Now that I have Harry Potter fans foaming at the mouth for randomly mashing up two unrelated spells to express the intent of this blog entry, I’ll continue.
Pottermore is – help me out here, Wikipedia – a site that will sell eBooks of the Harry Potter novels, provide over 18,000 words of additional content including background details and settings and “experience” the events of the books first hand. All I know is, lots of Harry Potter fans are excited.
Access is currently limited for the Beta, and of course this means ole’ lightning forehead has become a prime target for scams and people wanting to turn a quick profit. Things you should be keeping an eye out for, and running away from:
1) The Official Blog has listed some things you probably shouldn’t be getting involved in. Individuals offering to “register on your behalf, with your details” should be avoided. Buying and / or selling accounts on places such as eBay? Don’t go there, Hermione. Not only are you “depriving genuine fans”, you’re also giving money to random people and hoping they give you access to the accounts they claim they’ve set up. You have some protection in place should you start dabbling in eBay auctions (though not from the price – $100 for a “Buy it now”? Oh dear):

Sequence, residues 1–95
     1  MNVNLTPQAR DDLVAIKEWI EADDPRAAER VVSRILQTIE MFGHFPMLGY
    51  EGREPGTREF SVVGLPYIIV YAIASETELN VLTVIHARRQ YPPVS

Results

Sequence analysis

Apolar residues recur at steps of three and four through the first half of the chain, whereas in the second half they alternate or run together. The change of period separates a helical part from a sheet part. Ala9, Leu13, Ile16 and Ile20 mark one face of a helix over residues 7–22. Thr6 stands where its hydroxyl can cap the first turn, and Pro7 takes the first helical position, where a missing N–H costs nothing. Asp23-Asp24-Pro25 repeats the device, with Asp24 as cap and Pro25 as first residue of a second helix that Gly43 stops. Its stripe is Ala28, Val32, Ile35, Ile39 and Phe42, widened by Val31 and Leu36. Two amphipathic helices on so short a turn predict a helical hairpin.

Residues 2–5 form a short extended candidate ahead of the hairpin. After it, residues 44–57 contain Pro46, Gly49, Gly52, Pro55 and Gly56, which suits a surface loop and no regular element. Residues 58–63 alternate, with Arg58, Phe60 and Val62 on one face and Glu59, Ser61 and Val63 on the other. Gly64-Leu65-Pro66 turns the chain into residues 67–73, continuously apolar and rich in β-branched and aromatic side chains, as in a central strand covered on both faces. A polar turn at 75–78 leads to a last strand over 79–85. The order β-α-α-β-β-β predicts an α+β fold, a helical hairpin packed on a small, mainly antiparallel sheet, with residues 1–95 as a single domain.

Go throwing your cash around on “myfakewebsite(dot)whatever” and you may be in a little more trouble.
2) Videos on Youtube. I guess if someone is willing to pay up to $100 for Beta access that may not even exist, they’d certainly be willing to walk right into this “Old as the hills” favourite:
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“Beta access” available for “Download”. At the risk of making like Nostradamus, I wonder if we’ll see a survey?
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A big hand for the most tiresome scam in history, everybody!
The individual who sent you there will (of course) make some affiliate money should you fill in a survey or enter a competition – meanwhile, after handing over your data to some random marketers you’ll be “blessed” with a download which typically turns out to be A) Nothing, or B) Malware.
3) Malware and poisoned search results. Another obvious one, but even so here’s a random example found after a few minutes digging around:
The Malware diagnosis for that one can be seen here. It seems to be clean at time of writing, but six exploits, five Trojans and two scripting exploits would have been more than enough to give you bad hair day. You can expect more hacked sites serving Malware alongside poisoned search engine results – both text and image. If your kids are happily babbling on about the joys of Pottermore, it may well be worth sitting down with them and pointing out the types of shenanigans they need to avoid.
Muggles, eh? Can’t turn your back on them for more than five minutes…
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